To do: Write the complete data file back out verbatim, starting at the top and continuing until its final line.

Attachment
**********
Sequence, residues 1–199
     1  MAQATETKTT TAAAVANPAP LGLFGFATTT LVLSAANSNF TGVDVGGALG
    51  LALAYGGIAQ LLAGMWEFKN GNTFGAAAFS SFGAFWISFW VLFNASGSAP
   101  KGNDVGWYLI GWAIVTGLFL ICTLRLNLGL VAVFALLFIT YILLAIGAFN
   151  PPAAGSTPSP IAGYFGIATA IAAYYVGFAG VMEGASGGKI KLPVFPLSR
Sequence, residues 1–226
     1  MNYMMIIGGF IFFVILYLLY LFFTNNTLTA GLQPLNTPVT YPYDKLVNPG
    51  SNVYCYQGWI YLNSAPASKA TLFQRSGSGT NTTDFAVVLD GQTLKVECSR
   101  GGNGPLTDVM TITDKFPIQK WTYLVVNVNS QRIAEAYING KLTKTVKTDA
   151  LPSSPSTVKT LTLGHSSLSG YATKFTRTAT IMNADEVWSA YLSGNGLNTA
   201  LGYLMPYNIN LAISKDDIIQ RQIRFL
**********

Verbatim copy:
Sequence, residues 1–199
     1  MAQATETKTT TAAAVANPAP LGLFGFATTT LVLSAANSNF TGVDVGGALG
    51  LALAYGGIAQ LLAGMWEFKN GNTFGAAAFS SFGAFWISFW VLFNASGSAP
   101  KGNDVGWYLI GWAIVTGLFL ICTLRLNLGL VAVFALLFIT YILLAIGAFN
   151  PPAAGSTPSP IAGYFGIATA IAAYYVGFAG VMEGASGGKI KLPVFPLSR
Sequence, residues 1–226
     1  MNYMMIIGGF IFFVILYLLY LFFTNNTLTA GLQPLNTPVT YPYDKLVNPG
    51  SNVYCYQGWI YLNSAPASKA TLFQRSGSGT NTTDFAVVLD GQTLKVECSR
   101  GGNGPLTDVM TITDKFPIQK WTYLVVNVNS QRIAEAYING KLTKTVKTDA
   151  LPSSPSTVKT LTLGHSSLSG YATKFTRTAT IMNADEVWSA YLSGNGLNTA
   201  LGYLMPYNIN LAISKDDIIQ RQIRFL